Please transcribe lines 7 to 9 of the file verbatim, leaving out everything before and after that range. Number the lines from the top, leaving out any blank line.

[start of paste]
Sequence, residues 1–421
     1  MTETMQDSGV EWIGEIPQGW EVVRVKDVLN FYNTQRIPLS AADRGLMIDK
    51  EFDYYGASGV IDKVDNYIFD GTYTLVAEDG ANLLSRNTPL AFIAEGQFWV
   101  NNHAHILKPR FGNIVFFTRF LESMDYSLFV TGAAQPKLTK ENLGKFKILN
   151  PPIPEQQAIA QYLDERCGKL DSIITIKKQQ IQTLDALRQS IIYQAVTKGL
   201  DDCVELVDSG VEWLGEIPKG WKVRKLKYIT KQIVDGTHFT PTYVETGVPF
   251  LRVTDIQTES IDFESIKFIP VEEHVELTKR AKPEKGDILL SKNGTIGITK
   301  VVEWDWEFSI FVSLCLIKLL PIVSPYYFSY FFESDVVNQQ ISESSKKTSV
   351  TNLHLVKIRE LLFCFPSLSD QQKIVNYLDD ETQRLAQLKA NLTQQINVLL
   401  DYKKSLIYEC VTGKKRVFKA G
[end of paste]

   251  LRVTDIQTES IDFESIKFIP VEEHVELTKR AKPEKGDILL SKNGTIGITK
   301  VVEWDWEFSI FVSLCLIKLL PIVSPYYFSY FFESDVVNQQ ISESSKKTSV
   351  TNLHLVKIRE LLFCFPSLSD QQKIVNYLDD ETQRLAQLKA NLTQQINVLL